Brief thought exercise: if you have a relatively standard office job, could you theoretically do it from a pub each day?

In many ways, this is a ludicrous discussion, and I want to admit that up front. The largest occupation in America right now is retail, and retail jobs tend to be things you need to be in a physical place (i.e. the store you work for) in order to do. Same with teachers and doctors (other large professions): you need to, in general, be inside a school or a hospital / your practice. You could work in manufacturing and need to report to a specific plant every day. All these things are viable possibilities.

Caveats out of the way now, though, consider this: working physically in an office can be a bit of a preposterous notion. There are studies on the effectiveness of virtual teams, many public transportation systems weren’t built to connect where people live with where people work, everyone driving is bad for the environment, etc, etc. Plus: the central logic for having everyone in an office is collaboration across different teams. We know that doesn’t always really happen. A lot of the real reason for having people in an office is much simpler: there’s an inherent assumption that if you’re not physically in a place where people can observe you and see that you’re accountable, there’s probably a good chance that you’re off somewhere slacking off. This is a whole cycle whereby employers can periodically treat grown adults like children.

I thought about this topic for two reasons:

1. I was texting with my man Bales earlier today and one of us said something along the lines of, “I’d just love to work remotely from a pub.”

2. Reminded me of this story: back in the day, when I was working for ESPN, most of the team I was on were essentially digital content creators + curators. We had laptops with our CMS system and oftentimes we were expected to work on the weekends, no matter where we were (just take our laptop with us). One of my co-workers blew up in a meeting with our boss (I think it was over vacation time) and said something like, “Hell, I could do this job from a lake in Idaho!” Now, admittedly you shouldn’t say that in a meeting, but it’s actually true for a lot of standard office jobs. If that lake in question has Wi-Fi nearby and you can float while mail-merging, you’d probably be good.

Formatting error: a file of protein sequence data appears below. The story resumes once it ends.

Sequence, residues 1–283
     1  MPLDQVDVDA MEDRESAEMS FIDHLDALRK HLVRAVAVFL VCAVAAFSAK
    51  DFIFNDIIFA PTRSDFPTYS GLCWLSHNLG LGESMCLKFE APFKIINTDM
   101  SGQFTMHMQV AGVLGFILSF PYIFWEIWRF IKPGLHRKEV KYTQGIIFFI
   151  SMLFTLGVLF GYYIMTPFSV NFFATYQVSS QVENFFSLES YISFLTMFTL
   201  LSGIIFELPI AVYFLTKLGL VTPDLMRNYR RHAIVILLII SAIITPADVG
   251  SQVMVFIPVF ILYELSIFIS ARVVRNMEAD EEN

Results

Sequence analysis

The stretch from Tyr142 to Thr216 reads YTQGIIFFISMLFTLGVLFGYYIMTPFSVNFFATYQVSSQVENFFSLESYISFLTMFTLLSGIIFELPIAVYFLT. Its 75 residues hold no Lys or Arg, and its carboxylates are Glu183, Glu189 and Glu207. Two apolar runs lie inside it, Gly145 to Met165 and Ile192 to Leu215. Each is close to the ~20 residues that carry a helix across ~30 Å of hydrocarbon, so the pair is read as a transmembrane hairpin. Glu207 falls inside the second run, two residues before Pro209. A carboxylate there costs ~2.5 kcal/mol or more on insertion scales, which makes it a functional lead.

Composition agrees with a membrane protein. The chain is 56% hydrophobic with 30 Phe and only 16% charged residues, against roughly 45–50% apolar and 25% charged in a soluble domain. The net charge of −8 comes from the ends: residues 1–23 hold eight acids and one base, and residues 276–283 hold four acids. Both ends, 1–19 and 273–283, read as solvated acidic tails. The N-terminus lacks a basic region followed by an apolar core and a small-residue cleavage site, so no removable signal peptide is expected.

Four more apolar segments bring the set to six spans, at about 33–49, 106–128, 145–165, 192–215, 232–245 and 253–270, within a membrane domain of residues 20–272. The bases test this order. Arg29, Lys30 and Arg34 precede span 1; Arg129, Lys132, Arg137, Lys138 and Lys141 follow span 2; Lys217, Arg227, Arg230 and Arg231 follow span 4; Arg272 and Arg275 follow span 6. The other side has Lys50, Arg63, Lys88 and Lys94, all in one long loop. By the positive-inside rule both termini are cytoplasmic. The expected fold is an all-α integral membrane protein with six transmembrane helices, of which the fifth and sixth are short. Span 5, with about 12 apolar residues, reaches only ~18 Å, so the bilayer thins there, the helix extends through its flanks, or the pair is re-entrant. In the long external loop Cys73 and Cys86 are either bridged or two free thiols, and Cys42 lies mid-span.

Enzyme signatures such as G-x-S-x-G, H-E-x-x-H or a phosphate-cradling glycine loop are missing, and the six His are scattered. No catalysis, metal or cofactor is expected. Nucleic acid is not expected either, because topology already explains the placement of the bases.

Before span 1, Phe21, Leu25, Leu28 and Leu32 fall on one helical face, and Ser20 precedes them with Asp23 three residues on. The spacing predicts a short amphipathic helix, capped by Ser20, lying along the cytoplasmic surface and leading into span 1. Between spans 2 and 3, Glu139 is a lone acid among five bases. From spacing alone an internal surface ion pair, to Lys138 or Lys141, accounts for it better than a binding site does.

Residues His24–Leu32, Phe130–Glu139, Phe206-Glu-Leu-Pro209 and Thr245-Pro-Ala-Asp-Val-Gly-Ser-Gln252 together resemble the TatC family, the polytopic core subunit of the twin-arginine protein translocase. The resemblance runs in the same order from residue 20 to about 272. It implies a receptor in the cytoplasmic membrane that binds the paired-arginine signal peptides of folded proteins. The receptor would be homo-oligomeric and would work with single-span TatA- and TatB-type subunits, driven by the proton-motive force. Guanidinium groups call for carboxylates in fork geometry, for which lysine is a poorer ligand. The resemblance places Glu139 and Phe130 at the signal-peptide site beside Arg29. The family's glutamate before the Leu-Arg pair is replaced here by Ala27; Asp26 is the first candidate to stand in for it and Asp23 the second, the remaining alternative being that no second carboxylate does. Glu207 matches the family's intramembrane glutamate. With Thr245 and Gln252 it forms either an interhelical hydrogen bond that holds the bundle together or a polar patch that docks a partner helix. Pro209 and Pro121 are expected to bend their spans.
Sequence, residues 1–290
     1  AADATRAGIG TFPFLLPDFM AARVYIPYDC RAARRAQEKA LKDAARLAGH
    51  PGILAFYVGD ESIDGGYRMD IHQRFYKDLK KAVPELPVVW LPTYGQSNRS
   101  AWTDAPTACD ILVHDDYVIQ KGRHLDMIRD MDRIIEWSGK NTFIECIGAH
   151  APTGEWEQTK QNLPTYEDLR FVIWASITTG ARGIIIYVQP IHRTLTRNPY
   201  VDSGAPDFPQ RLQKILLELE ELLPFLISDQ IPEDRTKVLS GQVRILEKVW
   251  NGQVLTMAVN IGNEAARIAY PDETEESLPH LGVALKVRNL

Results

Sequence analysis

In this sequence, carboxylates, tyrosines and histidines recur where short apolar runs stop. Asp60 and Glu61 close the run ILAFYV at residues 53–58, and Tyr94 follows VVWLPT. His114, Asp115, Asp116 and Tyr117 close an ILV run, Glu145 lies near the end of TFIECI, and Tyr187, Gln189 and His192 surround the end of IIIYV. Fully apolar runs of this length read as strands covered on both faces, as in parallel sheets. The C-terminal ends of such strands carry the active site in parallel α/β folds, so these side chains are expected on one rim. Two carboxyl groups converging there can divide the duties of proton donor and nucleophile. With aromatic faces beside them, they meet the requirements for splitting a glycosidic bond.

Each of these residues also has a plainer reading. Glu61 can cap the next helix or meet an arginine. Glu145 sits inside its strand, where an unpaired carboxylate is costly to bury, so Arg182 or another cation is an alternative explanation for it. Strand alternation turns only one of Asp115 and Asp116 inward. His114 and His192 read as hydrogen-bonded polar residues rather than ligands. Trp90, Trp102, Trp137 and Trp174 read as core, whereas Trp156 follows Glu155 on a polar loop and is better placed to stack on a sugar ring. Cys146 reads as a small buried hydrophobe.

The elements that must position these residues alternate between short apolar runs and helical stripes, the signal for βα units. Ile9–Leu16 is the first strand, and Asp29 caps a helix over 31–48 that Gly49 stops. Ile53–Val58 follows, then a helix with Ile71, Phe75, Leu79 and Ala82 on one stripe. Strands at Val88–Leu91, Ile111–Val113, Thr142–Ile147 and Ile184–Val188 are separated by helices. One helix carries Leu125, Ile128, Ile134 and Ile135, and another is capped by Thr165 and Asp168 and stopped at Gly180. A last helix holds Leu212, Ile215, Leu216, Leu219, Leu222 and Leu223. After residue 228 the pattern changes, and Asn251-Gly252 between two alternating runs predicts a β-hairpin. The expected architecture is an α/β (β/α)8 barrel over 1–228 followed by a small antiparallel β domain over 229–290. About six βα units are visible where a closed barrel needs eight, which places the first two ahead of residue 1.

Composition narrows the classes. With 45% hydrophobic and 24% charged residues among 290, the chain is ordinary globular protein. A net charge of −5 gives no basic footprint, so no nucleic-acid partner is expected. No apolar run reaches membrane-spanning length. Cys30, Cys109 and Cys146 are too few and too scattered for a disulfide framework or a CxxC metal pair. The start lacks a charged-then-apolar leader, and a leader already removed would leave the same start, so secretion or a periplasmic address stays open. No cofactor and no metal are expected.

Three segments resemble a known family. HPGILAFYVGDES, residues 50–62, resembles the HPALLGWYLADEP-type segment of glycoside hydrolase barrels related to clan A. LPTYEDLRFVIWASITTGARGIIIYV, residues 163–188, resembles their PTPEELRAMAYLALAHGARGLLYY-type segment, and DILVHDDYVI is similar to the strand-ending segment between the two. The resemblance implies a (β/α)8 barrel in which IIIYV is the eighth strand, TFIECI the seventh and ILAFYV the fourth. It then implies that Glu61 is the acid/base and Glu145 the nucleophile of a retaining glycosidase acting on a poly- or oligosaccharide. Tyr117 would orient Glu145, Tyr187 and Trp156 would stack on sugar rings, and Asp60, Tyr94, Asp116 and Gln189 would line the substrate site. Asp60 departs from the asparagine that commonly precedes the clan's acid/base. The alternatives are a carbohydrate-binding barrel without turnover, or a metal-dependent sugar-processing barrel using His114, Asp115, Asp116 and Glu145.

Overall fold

So I started thinking about this pub thing. Now, it would be dank during the day, and that’s probably not good. The food likely isn’t healthy (and it’s expensive). But let’s say you had pretty good self-control and you wanted to sit at a pub most of the day, Wi-Fi enabled, and get your stuff done? And then, once you got your stuff done, you grabbed a pint and headed home? This idea really isn’t that crazy in terms of the actual work getting done — it’s crazy in the context of “Man, a job is NOT sitting in a bar all day!” But why can’t we reconcile those two things?

Look, sometimes I go to pubs solo because I like the conversations you can get into. Last night I was with my wife, but she was talking to someone and I ended up discussing Edinburgh (where I’ve never been) with some guy from there. Minutes later, we’re talking about “Clause 34.” (Google it.) About a week ago, I went to a quick happy hour solo; ended up discussing the pros and cons of Orlando as a city. Had never met the guy before. So if I were to take a laptop and sit in a bar all day and periodically take breaks to meet some new people, that might actually expand my mind as opposed to sitting around the same groups of cubicle-mates I’d typically be around. No one’s really focused all day at work anyway — science backs that up! — so what’s the actual harm in this? I get that there’s a contextual and perspective harm, but if I were to sit in a bar all day and get my work done and grab some fish and chips and make some new friends, should that be something that’s penalized?

Just kind of an interesting, if completely impossible, thought — in modern work culture, “the bar” is often the reward at the end of the week/day. What if the bar / substitute-any-other-place-you-like-such-as-a-lake-in-Idaho was actually weaved in to the work and the reward? Would it really kill your performance that much?

Ted Bauer


  1. Hi Ted,
    I’m all over this and have done it. Another way to look at this is through behavior styles. Some people have better concentration in a quiet library and others in a noisy pub. Which ever works for you, your breaks can be opposite. That said, I do meetings in the pub. Make calls in the pub and have webinars in the pub. It works!

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